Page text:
1. Always ask for references when hiring a general contractor or subcontractor, then check them out. Be wary if they can only give you one or two. After my wife and I purchased a newly constructed retirement home three years ago, we decided to take the elevated deck on the main level and turn it into two decks, converting the existing one into a screened-in porch and adding an open deck below it outside the basement. The contractor we chose had been active in our development, and our neighbors recommended both the quality of his work and his ability to keep on schedule—or reasonably so.
2. If the renovation is complex and involves multiple projects, add a minimum of 20 percent extra in your budget planning. One, contractors tend to low-ball estimates—it’s genetic. Two, in the middle of renovating, you’re likely to change your mind and want to upgrade or add to the makeover. Three, as Jennifer and Micheal Stillabower of Bethany Beach can attest, when you start stripping away walls and floors, who knows what lurks beneath, especially if it’s an older house? But, cautions the National Association of the Remodeling Industry (NARI), “be sure your remodeling contractor creates a written change order if your remodeling project is modified while work is being done. Both parties should sign the amendment.”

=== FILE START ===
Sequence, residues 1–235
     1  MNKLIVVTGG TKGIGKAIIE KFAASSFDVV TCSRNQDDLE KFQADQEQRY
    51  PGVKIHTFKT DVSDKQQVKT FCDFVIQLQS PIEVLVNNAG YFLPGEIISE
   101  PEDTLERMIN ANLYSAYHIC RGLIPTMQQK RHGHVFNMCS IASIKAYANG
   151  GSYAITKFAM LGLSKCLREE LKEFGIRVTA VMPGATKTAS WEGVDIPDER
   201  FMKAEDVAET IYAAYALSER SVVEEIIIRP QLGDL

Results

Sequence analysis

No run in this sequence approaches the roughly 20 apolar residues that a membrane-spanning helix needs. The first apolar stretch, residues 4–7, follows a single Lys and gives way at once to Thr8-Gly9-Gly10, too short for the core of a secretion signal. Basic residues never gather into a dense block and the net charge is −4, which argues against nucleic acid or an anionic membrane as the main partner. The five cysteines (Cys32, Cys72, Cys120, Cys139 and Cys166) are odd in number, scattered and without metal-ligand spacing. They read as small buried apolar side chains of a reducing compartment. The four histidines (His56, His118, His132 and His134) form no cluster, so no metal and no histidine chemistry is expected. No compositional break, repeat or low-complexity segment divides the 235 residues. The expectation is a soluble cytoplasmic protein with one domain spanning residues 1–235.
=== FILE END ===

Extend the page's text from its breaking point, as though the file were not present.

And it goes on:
3. Plan where your family and pets will be during the remodeling, including what areas might be off-limits. NARI adds you should discuss with the contractor in advance any travel or vacation plans, especially if the contractor will not have access to your property while you’re away.
4. Always use quality products and be sure they are in your contractor’s estimates. If you’re like most people, you’ll want to be stingy when you’re trying to budget the project, but you’ll eventually question your judgment to go cheap—perhaps even before the last nail is hammered.